Livestock News

Sen. Schumer: Don’t take dairy off the table in trade talks

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Standing at Cayuga Milk Ingredients Monday, U.S. Senate Minority Leader Charles E. Schumer called on U.S. trade officials to make it a priority to secure a level playing field with Canadian dairy producers during the renegotiation of the North American Trade Agreement (NAFTA). Schumer said Canada’s dairy pricing policies and high tariffs have effectively created a “Dairy Wall” stopping certain American dairy products from accessing Canadian markets and distorting global trade.

Cayuga Milk Ingredients (CMI), have been severely hurt by Canada’s trade practices. A cooperative of 30 local dairy farmers with over 70 employees, CMI has already lost tens of millions of dollars in contracts due to Canada’s actions. Schumer said that the time to secure a level playing field with Canada – by expanding market opportunities and eliminating Canada’s unfair pricing policies – is now and the U.S. cannot let this opportunity go to waste.

“Our hardworking New York dairy farmers and producers like Cayuga Milk Ingredients are the most competitive in the world, but they depend on stable and fair rules to compete in a global economy, to sell their dairy products, expand their business and create new local jobs,” said Senator Schumer. “As trade officials near a deal to renegotiate NAFTA – an issue President Trump and I both agree on – we must make it a top priority to begin reversing restrictive dairy pricing policies in Canada that are hurting our dairy producers at their core, and now is a real opportunity to do just that.”

In addition to Canada’s 270 percent tariff on milk, a program called the “Class 7” pricing program, a market-distorting supply management system, has caused severe pain to New York dairy producers like Cayuga Milk Ingredients (CMI) since it came into force last year. In fact, Canada has used the Class 7 program to triple its milk powder exports in the past year by creating excess milk production capacity within Canada, then dumping the resulting milk powder onto world markets. To further prove this dumping exists, Schumer added that Canada’s dairy farmers are some of the highest paid in the world, yet Canadian dairy companies are still able to be among the lowest cost sellers of Class 7 products globally. Locally, CMI lost $30 million in annual sales within days of Canada’s implementation of Class 7, dealing a significant blow to the local agriculture economy.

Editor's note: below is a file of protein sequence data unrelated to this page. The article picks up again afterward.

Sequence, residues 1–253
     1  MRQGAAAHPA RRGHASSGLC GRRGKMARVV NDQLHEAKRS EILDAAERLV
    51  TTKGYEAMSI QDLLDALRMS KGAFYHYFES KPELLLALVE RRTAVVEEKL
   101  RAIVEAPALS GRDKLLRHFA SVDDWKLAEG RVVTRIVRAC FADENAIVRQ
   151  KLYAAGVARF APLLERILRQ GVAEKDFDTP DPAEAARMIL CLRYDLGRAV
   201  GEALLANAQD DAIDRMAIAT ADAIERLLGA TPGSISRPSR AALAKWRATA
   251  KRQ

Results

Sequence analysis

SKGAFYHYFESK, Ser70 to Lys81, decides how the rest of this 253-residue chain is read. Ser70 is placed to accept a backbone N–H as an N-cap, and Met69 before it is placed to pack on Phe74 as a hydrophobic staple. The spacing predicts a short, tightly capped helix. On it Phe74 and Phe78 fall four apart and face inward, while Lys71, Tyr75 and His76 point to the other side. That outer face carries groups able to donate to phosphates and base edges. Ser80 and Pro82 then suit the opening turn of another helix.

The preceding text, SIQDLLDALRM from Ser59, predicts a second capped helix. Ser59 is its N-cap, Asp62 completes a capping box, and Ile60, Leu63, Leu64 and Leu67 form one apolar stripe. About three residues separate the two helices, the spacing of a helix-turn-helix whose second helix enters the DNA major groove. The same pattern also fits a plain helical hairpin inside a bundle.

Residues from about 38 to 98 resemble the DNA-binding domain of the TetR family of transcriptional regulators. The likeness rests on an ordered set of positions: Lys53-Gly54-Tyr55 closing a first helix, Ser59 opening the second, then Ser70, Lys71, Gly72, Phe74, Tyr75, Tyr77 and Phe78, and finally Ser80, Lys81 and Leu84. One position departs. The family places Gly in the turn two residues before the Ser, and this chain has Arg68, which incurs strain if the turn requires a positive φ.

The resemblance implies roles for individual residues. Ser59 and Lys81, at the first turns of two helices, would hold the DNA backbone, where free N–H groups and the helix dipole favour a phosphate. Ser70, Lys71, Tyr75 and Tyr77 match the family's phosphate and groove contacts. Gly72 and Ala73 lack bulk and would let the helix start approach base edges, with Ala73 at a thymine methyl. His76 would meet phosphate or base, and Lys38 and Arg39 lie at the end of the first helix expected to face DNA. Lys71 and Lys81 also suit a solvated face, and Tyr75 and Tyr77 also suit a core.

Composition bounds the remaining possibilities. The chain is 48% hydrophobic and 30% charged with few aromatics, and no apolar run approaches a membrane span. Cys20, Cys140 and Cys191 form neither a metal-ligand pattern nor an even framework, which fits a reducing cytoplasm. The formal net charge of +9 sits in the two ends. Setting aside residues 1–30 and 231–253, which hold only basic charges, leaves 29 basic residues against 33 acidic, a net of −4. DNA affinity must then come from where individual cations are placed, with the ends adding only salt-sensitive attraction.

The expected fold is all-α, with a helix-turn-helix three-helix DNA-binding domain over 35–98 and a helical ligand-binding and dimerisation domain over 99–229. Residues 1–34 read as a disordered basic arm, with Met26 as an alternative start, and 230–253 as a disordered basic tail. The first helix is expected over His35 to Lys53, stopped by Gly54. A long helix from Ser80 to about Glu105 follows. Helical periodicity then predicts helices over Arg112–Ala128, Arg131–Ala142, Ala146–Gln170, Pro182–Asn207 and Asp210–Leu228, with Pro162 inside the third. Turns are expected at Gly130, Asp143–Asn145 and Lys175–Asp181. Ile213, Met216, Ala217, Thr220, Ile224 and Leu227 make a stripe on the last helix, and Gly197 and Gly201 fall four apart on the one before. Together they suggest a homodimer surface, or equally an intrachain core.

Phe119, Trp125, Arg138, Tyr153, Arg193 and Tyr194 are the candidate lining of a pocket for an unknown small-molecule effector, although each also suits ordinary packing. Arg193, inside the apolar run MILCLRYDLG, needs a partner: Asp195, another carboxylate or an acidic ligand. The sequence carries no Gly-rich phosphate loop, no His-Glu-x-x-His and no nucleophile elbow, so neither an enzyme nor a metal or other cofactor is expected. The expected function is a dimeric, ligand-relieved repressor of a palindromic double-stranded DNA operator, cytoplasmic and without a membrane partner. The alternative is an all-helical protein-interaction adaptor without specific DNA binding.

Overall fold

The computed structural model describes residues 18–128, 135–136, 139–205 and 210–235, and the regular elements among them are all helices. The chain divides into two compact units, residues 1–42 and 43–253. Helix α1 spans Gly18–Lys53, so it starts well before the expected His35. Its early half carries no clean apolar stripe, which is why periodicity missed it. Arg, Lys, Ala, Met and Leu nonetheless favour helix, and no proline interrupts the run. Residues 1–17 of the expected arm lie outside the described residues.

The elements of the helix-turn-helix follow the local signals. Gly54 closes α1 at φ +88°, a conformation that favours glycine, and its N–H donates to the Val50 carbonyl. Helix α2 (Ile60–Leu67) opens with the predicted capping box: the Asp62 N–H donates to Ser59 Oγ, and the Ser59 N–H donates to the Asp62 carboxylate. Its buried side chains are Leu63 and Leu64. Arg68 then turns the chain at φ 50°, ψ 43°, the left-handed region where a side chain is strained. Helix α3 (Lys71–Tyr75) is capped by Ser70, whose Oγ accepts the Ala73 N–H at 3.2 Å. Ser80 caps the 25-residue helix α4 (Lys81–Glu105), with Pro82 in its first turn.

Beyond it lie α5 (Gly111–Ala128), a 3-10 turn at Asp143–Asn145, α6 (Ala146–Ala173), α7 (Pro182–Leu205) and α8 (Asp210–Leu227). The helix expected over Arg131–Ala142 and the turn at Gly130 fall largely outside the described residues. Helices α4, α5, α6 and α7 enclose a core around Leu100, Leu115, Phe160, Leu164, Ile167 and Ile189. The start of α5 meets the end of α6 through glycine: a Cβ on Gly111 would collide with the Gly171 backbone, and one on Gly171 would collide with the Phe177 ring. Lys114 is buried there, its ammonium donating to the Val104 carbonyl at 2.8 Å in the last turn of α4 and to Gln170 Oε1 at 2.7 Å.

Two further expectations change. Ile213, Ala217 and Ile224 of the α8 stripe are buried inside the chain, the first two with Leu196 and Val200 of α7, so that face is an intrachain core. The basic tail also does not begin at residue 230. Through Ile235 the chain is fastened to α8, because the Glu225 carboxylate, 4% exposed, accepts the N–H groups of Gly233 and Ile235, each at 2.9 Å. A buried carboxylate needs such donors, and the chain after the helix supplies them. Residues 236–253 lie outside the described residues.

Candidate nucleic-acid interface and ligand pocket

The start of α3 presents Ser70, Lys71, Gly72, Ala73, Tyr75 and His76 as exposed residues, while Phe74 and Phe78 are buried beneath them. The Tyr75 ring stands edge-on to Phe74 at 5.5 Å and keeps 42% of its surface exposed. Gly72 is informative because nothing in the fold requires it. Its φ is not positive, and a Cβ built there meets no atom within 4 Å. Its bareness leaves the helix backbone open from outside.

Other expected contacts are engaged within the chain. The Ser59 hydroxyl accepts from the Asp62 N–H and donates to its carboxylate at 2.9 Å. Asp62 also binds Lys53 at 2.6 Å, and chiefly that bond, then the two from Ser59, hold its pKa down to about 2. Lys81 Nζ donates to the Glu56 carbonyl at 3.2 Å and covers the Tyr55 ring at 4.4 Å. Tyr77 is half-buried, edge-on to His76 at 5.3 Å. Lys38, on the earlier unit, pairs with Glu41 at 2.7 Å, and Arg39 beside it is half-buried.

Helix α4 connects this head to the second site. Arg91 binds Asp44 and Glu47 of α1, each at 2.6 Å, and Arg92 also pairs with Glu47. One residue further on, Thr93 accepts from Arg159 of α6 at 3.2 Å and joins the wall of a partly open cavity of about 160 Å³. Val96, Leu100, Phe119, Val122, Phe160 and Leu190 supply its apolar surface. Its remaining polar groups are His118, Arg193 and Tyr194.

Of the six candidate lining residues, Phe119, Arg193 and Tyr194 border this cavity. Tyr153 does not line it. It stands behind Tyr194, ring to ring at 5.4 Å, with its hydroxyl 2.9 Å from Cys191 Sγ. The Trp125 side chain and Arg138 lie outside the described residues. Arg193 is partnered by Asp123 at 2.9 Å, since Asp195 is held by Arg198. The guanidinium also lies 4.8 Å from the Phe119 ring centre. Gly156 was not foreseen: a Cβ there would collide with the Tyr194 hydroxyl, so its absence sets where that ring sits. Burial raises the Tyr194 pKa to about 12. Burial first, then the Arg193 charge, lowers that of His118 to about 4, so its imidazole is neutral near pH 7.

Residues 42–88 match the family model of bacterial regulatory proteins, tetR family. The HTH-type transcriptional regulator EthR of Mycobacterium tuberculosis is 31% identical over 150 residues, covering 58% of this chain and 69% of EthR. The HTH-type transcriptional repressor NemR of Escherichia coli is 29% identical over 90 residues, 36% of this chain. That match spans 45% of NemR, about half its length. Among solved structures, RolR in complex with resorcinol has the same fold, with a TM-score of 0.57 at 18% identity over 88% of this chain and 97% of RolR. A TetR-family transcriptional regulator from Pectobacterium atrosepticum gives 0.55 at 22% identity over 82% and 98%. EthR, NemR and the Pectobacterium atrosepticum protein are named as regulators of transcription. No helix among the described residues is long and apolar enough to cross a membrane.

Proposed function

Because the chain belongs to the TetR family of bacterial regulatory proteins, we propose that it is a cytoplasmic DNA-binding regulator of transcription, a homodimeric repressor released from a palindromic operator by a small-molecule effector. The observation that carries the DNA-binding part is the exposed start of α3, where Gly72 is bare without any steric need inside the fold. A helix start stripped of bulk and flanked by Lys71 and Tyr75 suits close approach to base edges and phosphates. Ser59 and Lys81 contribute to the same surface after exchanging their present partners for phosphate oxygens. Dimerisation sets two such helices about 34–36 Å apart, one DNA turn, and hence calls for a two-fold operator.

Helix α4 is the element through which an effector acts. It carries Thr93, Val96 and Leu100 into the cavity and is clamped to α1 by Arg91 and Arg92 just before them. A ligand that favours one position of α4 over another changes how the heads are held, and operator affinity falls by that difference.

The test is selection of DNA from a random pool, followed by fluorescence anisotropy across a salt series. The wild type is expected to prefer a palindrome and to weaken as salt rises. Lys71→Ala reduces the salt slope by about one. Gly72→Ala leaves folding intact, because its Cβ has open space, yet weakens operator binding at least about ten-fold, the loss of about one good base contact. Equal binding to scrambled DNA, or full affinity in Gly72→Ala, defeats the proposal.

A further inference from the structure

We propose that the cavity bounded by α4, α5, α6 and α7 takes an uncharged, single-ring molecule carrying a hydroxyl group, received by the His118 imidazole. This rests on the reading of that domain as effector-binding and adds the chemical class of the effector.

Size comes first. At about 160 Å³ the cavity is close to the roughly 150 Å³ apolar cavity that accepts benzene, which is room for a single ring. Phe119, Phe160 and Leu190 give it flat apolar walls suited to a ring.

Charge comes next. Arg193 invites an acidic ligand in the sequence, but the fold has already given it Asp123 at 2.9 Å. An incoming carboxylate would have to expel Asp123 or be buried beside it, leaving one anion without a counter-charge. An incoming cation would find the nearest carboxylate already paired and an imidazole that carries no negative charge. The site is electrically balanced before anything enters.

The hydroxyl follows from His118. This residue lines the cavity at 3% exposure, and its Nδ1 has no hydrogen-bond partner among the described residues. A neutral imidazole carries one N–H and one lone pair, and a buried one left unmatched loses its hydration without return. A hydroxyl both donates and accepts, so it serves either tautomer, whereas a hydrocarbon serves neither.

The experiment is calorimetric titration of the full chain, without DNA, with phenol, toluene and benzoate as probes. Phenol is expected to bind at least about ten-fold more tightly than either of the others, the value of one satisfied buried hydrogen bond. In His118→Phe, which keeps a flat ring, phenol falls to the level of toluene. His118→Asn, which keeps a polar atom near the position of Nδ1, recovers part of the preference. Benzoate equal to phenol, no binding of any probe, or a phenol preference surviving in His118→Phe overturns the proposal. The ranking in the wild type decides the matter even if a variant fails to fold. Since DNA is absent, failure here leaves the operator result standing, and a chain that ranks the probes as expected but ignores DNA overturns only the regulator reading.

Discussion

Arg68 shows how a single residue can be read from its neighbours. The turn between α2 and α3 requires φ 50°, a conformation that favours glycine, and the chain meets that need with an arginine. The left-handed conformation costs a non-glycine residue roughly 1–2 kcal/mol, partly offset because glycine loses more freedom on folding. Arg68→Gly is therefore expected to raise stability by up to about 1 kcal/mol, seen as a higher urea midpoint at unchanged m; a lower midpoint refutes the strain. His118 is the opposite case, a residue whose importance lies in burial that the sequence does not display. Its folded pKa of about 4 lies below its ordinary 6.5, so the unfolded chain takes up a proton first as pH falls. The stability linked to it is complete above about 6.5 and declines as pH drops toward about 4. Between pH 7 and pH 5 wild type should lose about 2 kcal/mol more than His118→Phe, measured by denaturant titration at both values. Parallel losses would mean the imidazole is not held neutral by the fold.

“In the four short days following Canada’s implementation of its National Ingredients Strategy to include a Class 7 milk price, CMI lost $30 million in annual sales. It is clear that Canada’s sole intent through its Class 7 pricing was and is to manipulate the free markets by dumping their low cost skim milk products onto the World markets while simultaneously maintaining high tariffs to block imports of dairy products into Canada. If Canada wants to maintain supply management, then they must manage their milk supply and not dump their excesses on the World markets. I applaud Senator Schumer for his steadfast support of New York dairy farmers and his ongoing efforts to force Canada to dismantle its manipulated market distorting Class 7 pricing program,” said Kevin Ellis, CEO of Cayuga Milk Ingredients.

As U.S., Canadian, and Mexican trade officials are closing in on a deal to revamp North American Free Trade Agreement (NAFTA), Schumer said now represents a real opportunity to dismantle Canada’s market-distorting policies and ensure a level playing field for American dairy farmers and producers. Schumer noted that he has stressed the importance of the issue directly to past and current administration officials, including current United States Trade Representative Robert Lighthizer and President Trump, who have both expressed a desire secure meaningful changes in our dairy trade relationship with Canada.

Any views or opinions expressed in this article are those of the author and do not reflect those of AGDAILY. Comments on this article reflect the sole opinions of their writers.
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